...Fluor, Bechtel, the Shaw Group -- Republican-linked firms -- are lining up for contracts. Lobbyists like Joe Allbaugh, close friend of George Bush, and James Lee Witt, close friend of Bill Clinton -- both former heads of the Federal Emergency Management Agency -- are advising their corporate clients to get teams on the scene. Normal rules of contracting and competition are being waived in the emergency. Big bucks are on the table. It is a time to be wired politically.

Actually, the Shaw Group appears to have some Democratic connections...

The ideologues are in the hunt, too. Newt Gingrich is circulating memos calling for turning the region into a massive enterprise zone, slashing corporate taxes, reducing regulations. The oil lobby is pushing for drilling in Alaska and off the shores of the United States. Right wing activist Grover Norquist calls for cutting taxes on the wealthy even more to stimulate the economy. Arizona Republican Rep. Jeff Flak [sic, appropriately enough it's "Flake"] suggests conservatives use the crisis to try out their favorite ideas -- vouchers for education and health care...
The Bush administration's inaction and indifference after Katrina hit abandoned the poor and added to their suffering. It would be tragic now if action by the Republican Congress and the Bush administration added to the misery...

He does have some semi-good ideas, like reviving the pseudo-socialistic Civilian Construction and Conservation Corps. The problem, of course, is that behind the good ideas flows a river of race-baiting and Democratic looting.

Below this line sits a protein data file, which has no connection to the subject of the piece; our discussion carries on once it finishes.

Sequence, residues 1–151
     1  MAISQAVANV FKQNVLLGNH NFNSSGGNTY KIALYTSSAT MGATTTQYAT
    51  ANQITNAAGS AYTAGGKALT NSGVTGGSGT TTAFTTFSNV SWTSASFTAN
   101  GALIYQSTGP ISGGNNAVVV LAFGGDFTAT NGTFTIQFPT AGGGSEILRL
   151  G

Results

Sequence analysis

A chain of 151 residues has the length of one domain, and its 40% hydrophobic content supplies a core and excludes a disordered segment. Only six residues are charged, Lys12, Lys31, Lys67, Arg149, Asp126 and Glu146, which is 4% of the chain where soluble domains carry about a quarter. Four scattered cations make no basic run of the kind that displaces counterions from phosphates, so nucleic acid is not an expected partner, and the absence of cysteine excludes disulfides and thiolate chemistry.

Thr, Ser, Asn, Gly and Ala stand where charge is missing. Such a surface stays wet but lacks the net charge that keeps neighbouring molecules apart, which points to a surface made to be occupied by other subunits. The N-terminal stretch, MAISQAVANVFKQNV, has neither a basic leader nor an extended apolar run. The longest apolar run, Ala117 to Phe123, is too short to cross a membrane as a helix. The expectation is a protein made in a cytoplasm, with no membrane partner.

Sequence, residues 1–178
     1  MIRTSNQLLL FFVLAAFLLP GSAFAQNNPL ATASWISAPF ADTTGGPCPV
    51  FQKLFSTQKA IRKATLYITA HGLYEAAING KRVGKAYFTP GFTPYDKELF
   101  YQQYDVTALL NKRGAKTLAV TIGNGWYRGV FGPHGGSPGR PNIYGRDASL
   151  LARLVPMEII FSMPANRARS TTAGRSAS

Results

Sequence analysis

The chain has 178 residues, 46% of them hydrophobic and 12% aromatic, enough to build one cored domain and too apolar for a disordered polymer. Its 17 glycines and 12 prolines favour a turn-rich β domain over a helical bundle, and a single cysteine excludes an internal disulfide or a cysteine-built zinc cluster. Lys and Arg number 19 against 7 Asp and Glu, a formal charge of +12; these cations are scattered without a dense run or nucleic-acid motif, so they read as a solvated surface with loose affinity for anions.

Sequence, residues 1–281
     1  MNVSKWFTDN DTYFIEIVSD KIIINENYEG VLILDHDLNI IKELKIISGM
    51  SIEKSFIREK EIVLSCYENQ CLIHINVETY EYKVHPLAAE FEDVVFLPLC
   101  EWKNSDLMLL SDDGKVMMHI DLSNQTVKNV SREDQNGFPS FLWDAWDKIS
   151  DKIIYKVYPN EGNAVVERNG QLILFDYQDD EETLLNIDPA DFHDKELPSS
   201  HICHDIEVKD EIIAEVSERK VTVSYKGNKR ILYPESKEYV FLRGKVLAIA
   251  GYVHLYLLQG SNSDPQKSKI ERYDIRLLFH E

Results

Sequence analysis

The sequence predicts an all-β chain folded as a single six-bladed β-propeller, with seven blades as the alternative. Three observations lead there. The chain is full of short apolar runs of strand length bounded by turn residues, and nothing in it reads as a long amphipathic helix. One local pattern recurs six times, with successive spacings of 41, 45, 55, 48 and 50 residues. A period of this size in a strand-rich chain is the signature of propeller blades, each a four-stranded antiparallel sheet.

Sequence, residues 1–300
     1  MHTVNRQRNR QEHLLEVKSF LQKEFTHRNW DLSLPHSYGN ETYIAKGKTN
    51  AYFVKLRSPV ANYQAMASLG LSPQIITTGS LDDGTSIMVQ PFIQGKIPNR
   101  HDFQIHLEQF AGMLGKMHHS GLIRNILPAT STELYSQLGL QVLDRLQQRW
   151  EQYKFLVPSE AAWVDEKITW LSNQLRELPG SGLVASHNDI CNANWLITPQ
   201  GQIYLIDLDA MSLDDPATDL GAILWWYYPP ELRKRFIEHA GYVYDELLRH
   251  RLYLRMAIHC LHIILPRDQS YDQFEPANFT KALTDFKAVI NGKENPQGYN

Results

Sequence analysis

Cashing in on Katrina

From "In Storm's Ruins, a Rush to Rebuild and Reopen for Business":

Private contractors, guided by two former directors of the Federal Emergency Management Agency and other well-connected lobbyists and consultants, are rushing to cash in on the unprecedented sums to be spent on Hurricane Katrina relief and reconstruction.
From global engineering and construction firms like the Fluor Corporation and Halliburton to local trash removal and road-building concerns, the private sector is poised to reap a windfall of business in the largest domestic rebuilding effort ever undertaken...
Some experts warn that the crisis atmosphere and the open federal purse are a bonanza for lobbyists and private companies and are likely to lead to the contract abuses, cronyism and waste that numerous investigations have uncovered in post-war Iraq...

From the Bush administration? Never!

...Joe M. Allbaugh, a close friend of President Bush, the president's 2000 campaign manager and the FEMA director from 2001 to 2003, and James Lee Witt, an Arkansan close to former President Bill Clinton and a former FEMA director, are now high-priced consultants, and they have been offering their services to companies seeking or holding federal contracts in the post-hurricane gold rush...